Home / Technology / Facebook still does not give up on the market of smart speakers

Facebook still does not give up on the market of smart speakers



<p class = "canvas-atom canvas-text Mb (1.0em) Mb (0) – sm Mt (0.8em) – sm" type = "text" content = "Last October, Facebook (NASDAQ: FB) launched its & nbsp; Portal smart speakers to keep pace Amazon (NASDAQ: AMZN) and Alphabetof (NASDAQ: GOOGL) (NASDAQ: GOOG) Google. Many critics, called Facebook, are launching a dull move as it followed a series of privacy and security issues on the world's largest social network. "Data-reactid =" 11 "> Last October, Facebook (NASDAQ: FB) introduced its intelligent speakers Portal to keep pace Amazon (NASDAQ: AMZN) and Alphabetof (NASDAQ: GOOGL) (NASDAQ: GOOG) Google. Many critics described Facebook's launch as "deaf-opaque" because it followed a series of privacy and security issues on the world's largest social network.

Facebook has not yet released sales figures for the portal. But significant price cuts in April, which cut portal prices up to 50%, indicate that the speakers are not flying in bulk.

Facebook portal and portal +.

Source of the image: Facebook.

Research firm eMarketer estimates that Amazon will control 63% of the US market for smart speakers, followed by Google, with a 31% market share and a 12% market share for all others. Still, Facebook is not giving up – it has recently announced that it will launch two new versions of the portal this fall.

Why will not Facebook abandon the smart speaker market?

<p class = "canvas-atom-canvas-text Mb (1.0em) Mb (0) – sm Mt (0.8em) – sm" type = "text" content = "Facebook wants to stay in the market of smart speakers All First, it extends the reach of its core applications – Facebook, Instagram and WhatsApp – beyond personal computers and phones into homes, but can also be used to play videos and games. as well as to strengthen e-commerce services (like its Facebook Live shopping videos), and view more video ads. "data-reactid =" 36 "> Facebook wants to stay in the smart speaker market for a number of reasons: First, it extends the reach of its core apps – Facebook, Instagram and WhatsApp – Beyond computers, phones and in homes, its screens can also be used to play videos and games, as well as to develop e-commerce services (like its Facebook Live shopping videos) and view more video ads.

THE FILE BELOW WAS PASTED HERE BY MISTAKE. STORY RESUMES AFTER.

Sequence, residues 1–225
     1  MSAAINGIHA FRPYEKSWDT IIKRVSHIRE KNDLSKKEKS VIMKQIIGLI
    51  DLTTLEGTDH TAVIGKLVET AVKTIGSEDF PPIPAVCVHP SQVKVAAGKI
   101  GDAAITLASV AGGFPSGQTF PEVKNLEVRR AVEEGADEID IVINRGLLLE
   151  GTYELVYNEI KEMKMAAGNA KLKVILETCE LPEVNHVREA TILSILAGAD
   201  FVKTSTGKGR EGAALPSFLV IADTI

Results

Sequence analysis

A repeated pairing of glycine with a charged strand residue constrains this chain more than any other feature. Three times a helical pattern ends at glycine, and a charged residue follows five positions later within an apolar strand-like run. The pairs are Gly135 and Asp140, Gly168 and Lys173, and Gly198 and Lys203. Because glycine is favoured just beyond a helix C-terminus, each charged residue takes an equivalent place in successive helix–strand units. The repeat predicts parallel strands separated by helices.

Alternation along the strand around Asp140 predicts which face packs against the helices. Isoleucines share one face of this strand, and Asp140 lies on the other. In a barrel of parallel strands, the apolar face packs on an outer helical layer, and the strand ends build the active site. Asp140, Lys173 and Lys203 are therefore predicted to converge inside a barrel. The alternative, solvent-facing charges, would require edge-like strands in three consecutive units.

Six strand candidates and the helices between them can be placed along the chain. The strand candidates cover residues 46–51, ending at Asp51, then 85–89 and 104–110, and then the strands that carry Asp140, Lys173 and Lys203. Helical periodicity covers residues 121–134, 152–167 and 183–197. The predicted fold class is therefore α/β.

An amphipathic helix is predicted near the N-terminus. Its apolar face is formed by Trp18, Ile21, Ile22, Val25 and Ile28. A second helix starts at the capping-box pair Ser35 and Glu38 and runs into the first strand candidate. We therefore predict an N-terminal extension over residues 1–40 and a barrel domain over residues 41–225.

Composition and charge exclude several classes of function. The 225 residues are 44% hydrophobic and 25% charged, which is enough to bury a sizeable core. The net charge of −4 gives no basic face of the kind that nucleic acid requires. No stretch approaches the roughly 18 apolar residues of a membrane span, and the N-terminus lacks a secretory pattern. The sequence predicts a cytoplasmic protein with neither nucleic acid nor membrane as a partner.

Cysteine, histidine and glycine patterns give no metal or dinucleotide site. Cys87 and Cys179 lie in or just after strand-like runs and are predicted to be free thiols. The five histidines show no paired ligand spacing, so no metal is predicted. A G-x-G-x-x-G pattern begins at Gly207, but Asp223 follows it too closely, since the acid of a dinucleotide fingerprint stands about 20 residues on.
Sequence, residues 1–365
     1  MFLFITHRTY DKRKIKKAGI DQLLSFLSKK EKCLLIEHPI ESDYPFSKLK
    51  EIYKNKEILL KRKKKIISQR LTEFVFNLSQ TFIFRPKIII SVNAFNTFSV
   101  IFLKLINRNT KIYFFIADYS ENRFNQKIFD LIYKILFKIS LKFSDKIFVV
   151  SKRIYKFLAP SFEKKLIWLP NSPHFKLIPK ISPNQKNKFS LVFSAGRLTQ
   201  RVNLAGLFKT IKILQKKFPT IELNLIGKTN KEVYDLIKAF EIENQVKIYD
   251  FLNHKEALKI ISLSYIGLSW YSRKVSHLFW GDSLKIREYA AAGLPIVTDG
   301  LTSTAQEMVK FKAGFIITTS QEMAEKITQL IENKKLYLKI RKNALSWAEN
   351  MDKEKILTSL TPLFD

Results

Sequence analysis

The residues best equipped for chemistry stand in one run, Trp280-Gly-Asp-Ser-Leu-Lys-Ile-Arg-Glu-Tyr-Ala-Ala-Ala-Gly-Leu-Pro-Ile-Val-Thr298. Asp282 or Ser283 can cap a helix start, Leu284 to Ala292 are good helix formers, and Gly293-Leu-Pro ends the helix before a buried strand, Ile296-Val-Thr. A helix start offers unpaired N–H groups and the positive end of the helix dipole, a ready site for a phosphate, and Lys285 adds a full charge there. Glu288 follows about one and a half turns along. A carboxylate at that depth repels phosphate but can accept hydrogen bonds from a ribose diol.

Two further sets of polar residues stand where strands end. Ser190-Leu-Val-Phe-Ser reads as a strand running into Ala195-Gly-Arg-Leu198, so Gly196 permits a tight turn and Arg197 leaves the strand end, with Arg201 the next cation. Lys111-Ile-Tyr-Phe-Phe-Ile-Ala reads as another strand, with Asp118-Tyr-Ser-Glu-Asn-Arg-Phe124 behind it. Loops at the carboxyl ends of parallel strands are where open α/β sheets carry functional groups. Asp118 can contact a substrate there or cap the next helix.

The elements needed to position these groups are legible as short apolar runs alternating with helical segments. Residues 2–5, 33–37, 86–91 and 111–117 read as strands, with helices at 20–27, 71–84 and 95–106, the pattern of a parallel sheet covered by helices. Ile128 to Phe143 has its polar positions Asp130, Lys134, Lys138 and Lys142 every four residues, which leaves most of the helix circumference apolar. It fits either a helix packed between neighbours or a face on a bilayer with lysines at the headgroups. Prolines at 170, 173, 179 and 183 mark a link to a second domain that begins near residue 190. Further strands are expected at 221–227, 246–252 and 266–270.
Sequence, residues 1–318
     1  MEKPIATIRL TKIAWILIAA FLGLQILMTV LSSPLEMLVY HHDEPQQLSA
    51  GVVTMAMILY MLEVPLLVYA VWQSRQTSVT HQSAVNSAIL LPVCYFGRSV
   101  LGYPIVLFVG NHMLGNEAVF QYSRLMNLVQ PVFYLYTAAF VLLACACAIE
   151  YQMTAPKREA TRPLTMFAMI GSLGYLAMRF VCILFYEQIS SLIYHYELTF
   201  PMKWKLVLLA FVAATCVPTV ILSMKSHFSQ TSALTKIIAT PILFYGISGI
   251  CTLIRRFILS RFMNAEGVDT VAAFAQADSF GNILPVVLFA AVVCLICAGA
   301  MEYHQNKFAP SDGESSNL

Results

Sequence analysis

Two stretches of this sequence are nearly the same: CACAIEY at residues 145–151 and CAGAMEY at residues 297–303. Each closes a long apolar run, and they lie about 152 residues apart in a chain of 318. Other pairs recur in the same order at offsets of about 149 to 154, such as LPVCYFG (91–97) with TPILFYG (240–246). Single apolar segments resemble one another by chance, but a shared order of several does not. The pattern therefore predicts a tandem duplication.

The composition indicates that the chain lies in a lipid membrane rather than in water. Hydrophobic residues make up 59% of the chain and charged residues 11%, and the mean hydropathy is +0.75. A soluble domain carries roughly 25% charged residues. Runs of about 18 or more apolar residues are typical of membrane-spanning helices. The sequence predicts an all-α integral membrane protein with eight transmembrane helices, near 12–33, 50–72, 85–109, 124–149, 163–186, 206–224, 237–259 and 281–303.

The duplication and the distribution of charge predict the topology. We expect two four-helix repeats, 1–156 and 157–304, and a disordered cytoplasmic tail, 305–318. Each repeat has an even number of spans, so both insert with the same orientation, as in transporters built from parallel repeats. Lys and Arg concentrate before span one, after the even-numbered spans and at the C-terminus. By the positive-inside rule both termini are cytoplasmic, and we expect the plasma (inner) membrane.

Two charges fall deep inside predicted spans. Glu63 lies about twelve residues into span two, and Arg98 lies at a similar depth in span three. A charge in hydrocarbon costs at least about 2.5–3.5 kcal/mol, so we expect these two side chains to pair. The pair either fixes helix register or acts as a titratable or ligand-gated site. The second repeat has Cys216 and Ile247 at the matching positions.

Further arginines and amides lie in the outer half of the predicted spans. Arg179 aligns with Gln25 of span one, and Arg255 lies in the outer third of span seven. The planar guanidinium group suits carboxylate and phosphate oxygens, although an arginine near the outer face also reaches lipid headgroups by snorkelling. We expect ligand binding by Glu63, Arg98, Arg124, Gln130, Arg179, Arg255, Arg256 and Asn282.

It allows Facebook to attach more users to its family of apps, which access approximately 2.1 billion users each day. Facebook can then accumulate more data and create more targeted ads for its main advertising business, widening its gap with Google and Amazon.

Facebook also does not want to be excluded from a growing hardware market. Global sales of smart speakers could rise from 208 million this year to 500 million by 2023, according to research firm Canalys. Global deliveries of smart speakers could also exceed tablet shipments by 2021.

A woman leads a video conversation with comic book filters on a smart screen of the portal.

Source of the image: Facebook.

Why Facebook portal devices are still doomed to failure

<p class = "canvas-atom canvas-text Mb (1.0em) Mb (0) – sm Mt (0.8em) – sm" type = "text" content = "Unfortunately, the new devices of the Facebook portal will probably not not much better than the old for a few simple reasons. First, Facebook users simply do not have confidence in the company yet. In a HuffPost / YouGov survey last December, two-thirds of respondents said they did not trust the social network to manage their personal data. "Data-reactid =" 61 "> Unfortunately, the new Facebook portal devices will probably not do it, much better than the old for a few simple reasons. First, Facebook users simply do not have confidence in the company yet. In a HuffPost / YouGov survey last December, two-thirds of respondents said they did not trust the social network to manage their personal data.